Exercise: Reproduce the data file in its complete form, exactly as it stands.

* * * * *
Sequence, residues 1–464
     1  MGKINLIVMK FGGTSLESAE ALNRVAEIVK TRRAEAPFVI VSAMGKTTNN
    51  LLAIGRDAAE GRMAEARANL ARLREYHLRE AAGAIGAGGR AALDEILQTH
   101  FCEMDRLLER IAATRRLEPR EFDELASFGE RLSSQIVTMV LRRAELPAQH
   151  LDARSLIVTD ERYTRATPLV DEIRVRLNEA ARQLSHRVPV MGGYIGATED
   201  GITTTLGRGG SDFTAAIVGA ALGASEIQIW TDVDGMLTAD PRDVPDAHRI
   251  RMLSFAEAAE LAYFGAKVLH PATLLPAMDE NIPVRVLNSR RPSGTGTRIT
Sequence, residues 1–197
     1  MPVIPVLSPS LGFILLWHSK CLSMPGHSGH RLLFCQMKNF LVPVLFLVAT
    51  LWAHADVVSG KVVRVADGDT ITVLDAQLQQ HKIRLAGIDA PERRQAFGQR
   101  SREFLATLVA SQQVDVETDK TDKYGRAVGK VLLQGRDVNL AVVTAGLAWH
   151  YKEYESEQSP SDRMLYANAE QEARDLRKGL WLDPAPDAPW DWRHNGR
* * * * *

Sequence, residues 1–464
     1  MGKINLIVMK FGGTSLESAE ALNRVAEIVK TRRAEAPFVI VSAMGKTTNN
    51  LLAIGRDAAE GRMAEARANL ARLREYHLRE AAGAIGAGGR AALDEILQTH
   101  FCEMDRLLER IAATRRLEPR EFDELASFGE RLSSQIVTMV LRRAELPAQH
   151  LDARSLIVTD ERYTRATPLV DEIRVRLNEA ARQLSHRVPV MGGYIGATED
   201  GITTTLGRGG SDFTAAIVGA ALGASEIQIW TDVDGMLTAD PRDVPDAHRI
   251  RMLSFAEAAE LAYFGAKVLH PATLLPAMDE NIPVRVLNSR RPSGTGTRIT
Sequence, residues 1–197
     1  MPVIPVLSPS LGFILLWHSK CLSMPGHSGH RLLFCQMKNF LVPVLFLVAT
    51  LWAHADVVSG KVVRVADGDT ITVLDAQLQQ HKIRLAGIDA PERRQAFGQR
   101  SREFLATLVA SQQVDVETDK TDKYGRAVGK VLLQGRDVNL AVVTAGLAWH
   151  YKEYESEQSP SDRMLYANAE QEARDLRKGL WLDPAPDAPW DWRHNGR